For some, Beyoncé's music video for "Formation" is an anthem of black power; for others, it's a blatant takedown of the police.
On Friday, exactly zero police officers in Tampa, Florida, signed up to to work security for Beyoncé's April 29th concert in the city. On Tuesday, a sheriff in Tennessee blamed the video for gunshots he heard in his neighborhood following its release, and the singer's Super Bowl 50 performance for recent police deaths. People are boycotting Red Lobster and some (read: three people) held a protest to boycott Queen Bey altogether.
But the facts prevail: According to a New York Daily News column written by Shaun King, seven out of eight officers killed by gunfire in the United States so far in 2016 died at the hands of white men. (The Officer Down Memorial Page cites nine police deaths by gunfire; the Daily News left out the death of Mississippi Bureau of Narcotics special agent Lee Tartt, also killed by a white man.)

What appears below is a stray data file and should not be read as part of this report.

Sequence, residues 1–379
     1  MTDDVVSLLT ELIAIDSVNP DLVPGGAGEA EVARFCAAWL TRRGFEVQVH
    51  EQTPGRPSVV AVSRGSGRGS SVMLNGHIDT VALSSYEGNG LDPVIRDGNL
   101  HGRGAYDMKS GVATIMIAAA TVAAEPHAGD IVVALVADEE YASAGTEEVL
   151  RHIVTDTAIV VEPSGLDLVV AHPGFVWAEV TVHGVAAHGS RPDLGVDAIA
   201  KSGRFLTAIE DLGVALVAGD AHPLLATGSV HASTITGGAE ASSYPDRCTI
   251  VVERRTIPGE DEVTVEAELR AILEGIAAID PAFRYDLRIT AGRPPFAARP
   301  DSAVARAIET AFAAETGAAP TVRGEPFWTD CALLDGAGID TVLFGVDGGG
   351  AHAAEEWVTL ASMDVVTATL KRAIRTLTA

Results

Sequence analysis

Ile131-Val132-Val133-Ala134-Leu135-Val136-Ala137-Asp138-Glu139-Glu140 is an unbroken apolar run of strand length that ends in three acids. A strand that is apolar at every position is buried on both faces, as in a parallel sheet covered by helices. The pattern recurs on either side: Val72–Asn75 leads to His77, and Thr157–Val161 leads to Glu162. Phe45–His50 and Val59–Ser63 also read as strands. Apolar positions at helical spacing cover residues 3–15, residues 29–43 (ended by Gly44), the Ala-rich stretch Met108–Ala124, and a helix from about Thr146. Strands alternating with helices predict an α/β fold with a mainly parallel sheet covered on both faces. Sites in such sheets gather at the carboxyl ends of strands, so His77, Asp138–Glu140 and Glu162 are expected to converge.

The deaths of the seven officers killed by white men, cited in the Daily News, seem to follow no other noticeable pattern.
In January, Ohio police officer Thomas Cottrell was found dead without his weapon or cruiser and was later discovered to have been shot by a man named Hershel Jones. According to NBC, Jones' ex-girlfriend called in a tip earlier that night, stating he had "left with weapons and was looking to kill an officer."
Phillip Ferry, who had 41 prior arrests, fatally shot Seaside, Oregon, police Sgt. Jason Goodding, making Goodding the first officer in the state to die in the line of duty since the 1800s.
Hartford County, Maryland Sheriff's Deputy Patrick Dailey and Deputy Mark Logsdon were both killed when David Brian Evans shot Dailey in a Panera Bread. Logsdon was killed in the ensuing shootout.
Utah officer Douglas Barney was killed by gunshot at the hands of 31-year-old Corey Lee Henderson. North Dakota officer Jason Moszer was killed when he responded to a domestic disturbance, and is suspected to have been shot by Marcus Schumacher. Seventeen-year-old Austin Holzer is alleged to have killed Colorado officer Derek Geer while Geer was questioning him.
"These shootings have nothing to do with Black Panthers or modern black activism," wrote King in his column. "That, though, is the popular story in America right now and it is nothing more than a lie."
Correction: Feb. 23, 2016
A previous version of this story stated officer Jason Moszer was from South Dakota. He was an officer in North Dakota.